Opposition has right to question Govt on Pulwama, but is it asking the right questions?
By Dr. D.K. Giri
March 14, 2019
New Delhi: The Pulwama terrorist attack and the subsequent counter-operations by the army are the hot topics for debate and discussion across the country. The hyper-nationalist media, especially the television, hypes it so much that, one can hear the echoes of ‘Bande Mataram’ chanted by invited audiences in the studios. The discourse in streets, parks and other public places is also dominated by the same topic.
Curiously, one runs into a bevy of retired army and air force personnel in the TV channels. I found, at one time, about 15 ex-military officers of different ranks immaculately dressed finely articulate, in one channel, explaining to an audience the sophistication of modern warfare etc. Good to see our ex-military officers serenely but seriously (so they are trained and groomed) interacting with the public; a good opportunity for the public to meet and make conversation with senior ex-officers of our army.
But it is in political arena, that the debate is becoming increasingly messy, and divisive. It started with a complete consensus but soon began drifting into a mud slinging match between contenders amid chest-thumping, name-calling, finger-pointing and moral-posturing etc. Perhaps, it is not unexpected and unbecoming of the politicians in the face of elections in a few weeks time. And, normatively speaking, in a democracy, there will be party political contestation and questions on actions of government, more so, in election time.
The burden of my argument here is that the Opposition has the right to ask questions, but is it asking the right ones? Apparently not. The questions the Opposition raise are turned and twisted by the ruling party to paint them with an ‘anti-nationalist’ hue. Take for instance, 11 days after the Uri attack, the Indian army conducted a surgical strike. The Opposition leaders asked for evidence, as they thought Modi government was making it up for electoral purposes. Was it right to question the operation of the army which was officially informing the country of the strike?
True that in a democracy army takes orders from the national civilian government of the day but Indian army is apolitical, thoroughly professional, disciplined and committed. They will not do the political bidding for even the ruling party. There is no such evidence in Indian military history even in sensitive security situations.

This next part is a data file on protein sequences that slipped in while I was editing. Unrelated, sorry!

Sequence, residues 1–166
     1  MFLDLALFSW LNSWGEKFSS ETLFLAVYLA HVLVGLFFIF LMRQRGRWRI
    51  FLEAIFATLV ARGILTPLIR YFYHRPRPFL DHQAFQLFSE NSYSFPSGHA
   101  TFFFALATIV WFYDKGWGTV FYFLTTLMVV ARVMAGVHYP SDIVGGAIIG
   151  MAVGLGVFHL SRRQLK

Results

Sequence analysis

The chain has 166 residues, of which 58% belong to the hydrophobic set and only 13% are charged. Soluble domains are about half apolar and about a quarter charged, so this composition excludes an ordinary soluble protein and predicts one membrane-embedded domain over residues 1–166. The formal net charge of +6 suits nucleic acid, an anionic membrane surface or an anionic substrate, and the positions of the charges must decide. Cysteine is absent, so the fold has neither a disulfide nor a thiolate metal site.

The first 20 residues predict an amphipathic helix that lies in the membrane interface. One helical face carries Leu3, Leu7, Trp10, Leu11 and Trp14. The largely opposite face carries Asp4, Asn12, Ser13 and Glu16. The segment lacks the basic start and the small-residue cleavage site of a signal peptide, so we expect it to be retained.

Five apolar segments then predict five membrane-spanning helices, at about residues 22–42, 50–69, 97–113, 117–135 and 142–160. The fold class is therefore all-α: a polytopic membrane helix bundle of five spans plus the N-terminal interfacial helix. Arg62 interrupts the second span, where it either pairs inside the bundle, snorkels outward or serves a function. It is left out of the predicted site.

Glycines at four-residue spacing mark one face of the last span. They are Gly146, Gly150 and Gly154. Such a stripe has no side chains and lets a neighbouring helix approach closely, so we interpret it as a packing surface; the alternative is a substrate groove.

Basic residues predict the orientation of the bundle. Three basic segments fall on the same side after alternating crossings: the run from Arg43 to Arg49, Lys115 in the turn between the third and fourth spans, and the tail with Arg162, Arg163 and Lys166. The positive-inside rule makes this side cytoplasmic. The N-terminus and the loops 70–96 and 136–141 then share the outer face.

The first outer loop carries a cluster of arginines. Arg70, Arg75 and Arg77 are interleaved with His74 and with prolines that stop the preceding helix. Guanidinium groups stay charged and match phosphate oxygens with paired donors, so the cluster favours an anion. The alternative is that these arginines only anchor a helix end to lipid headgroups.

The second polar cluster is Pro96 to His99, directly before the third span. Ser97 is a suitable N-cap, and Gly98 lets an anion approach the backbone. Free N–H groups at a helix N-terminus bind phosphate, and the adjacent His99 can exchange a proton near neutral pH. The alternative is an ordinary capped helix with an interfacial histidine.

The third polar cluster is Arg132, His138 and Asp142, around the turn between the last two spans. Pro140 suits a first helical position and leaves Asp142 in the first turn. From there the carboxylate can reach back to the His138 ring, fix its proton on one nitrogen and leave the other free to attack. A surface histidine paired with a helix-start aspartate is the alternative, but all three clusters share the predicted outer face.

Now on the second surgical strike, in a complex security situation, the Opposition is asking for evidence of casualties, provoked perhaps by Amit Shah’s preposterous claim of 250 deaths etc. However, that is for Amit Shah to prove to the alert and agile public of the country, not the job of the Opposition. In a TV channel, I was talking to a former Colonel who asked me if the number of casualties mattered. Was it not enough that the Air Force went deep into Pakistan territory beyond LoC and bombed the targets? I could feel the pain in his heart as he was speaking as if their valour and heroism were being undermined. I instantly said, Colonel, the number does not matter. What IAF has done is commendable.
As a civilian, I am told that the targets are indicated by the government, and the army’s job is simply to neutralise them. So, as the IAF said, counting casualties is not their job, it is that of the government. Opposition therefore, may be politically correct to question the government on the outcome of the action, as their claims are not verifiable. Yet, to an independent political analyst, this is a wrong question. As said earlier, the army’s operational efficiency is willy-nilly drawn into the controversy. This does not go down well with the public or with the army although the latter is unfazed by party political skirmishes.